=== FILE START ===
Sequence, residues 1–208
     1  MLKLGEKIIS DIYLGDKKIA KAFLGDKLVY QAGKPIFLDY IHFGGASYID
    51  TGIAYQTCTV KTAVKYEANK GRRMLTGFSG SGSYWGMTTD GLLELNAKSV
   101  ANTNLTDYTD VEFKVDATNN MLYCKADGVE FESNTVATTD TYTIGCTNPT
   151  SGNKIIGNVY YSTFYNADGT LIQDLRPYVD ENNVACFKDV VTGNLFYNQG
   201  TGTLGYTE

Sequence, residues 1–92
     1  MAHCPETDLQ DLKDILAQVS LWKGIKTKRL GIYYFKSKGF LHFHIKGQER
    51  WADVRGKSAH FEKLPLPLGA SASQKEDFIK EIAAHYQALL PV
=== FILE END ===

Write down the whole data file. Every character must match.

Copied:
Sequence, residues 1–208
     1  MLKLGEKIIS DIYLGDKKIA KAFLGDKLVY QAGKPIFLDY IHFGGASYID
    51  TGIAYQTCTV KTAVKYEANK GRRMLTGFSG SGSYWGMTTD GLLELNAKSV
   101  ANTNLTDYTD VEFKVDATNN MLYCKADGVE FESNTVATTD TYTIGCTNPT
   151  SGNKIIGNVY YSTFYNADGT LIQDLRPYVD ENNVACFKDV VTGNLFYNQG
   201  TGTLGYTE

Sequence, residues 1–92
     1  MAHCPETDLQ DLKDILAQVS LWKGIKTKRL GIYYFKSKGF LHFHIKGQER
    51  WADVRGKSAH FEKLPLPLGA SASQKEDFIK EIAAHYQALL PV